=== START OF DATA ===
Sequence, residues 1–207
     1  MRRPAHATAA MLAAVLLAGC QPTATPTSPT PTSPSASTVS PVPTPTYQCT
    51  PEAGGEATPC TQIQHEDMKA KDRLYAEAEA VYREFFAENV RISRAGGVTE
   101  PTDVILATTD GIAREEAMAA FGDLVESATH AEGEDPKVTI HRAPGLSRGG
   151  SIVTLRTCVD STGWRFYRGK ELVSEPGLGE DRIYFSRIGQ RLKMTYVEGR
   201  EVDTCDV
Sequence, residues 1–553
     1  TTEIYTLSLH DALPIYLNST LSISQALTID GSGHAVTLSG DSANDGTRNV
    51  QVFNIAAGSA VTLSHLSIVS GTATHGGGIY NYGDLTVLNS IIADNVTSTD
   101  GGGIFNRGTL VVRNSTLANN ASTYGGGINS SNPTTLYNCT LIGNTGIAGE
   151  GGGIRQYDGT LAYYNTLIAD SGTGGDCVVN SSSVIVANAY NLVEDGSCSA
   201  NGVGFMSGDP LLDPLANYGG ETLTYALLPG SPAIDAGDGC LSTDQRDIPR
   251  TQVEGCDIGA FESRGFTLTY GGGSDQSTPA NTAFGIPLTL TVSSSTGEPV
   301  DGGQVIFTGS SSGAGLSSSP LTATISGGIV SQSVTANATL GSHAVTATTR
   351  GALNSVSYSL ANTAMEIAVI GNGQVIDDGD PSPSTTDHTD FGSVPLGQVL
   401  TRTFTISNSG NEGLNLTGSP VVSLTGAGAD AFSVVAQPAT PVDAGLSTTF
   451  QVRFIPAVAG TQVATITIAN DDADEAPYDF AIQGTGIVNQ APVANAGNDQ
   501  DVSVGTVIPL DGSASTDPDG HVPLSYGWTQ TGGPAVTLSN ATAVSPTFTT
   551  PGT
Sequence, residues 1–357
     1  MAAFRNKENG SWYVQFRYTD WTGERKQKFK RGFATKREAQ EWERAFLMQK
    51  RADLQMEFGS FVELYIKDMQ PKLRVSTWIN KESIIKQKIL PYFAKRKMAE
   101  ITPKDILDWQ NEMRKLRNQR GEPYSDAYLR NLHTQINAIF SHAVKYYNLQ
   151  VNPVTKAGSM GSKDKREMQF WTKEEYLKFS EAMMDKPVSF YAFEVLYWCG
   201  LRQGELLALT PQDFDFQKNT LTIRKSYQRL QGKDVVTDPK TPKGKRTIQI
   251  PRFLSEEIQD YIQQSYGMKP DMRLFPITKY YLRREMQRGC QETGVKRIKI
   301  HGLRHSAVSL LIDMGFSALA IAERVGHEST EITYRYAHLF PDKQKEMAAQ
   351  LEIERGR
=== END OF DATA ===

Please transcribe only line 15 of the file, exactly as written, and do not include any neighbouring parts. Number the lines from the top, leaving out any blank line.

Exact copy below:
   351  GALNSVSYSL ANTAMEIAVI GNGQVIDDGD PSPSTTDHTD FGSVPLGQVL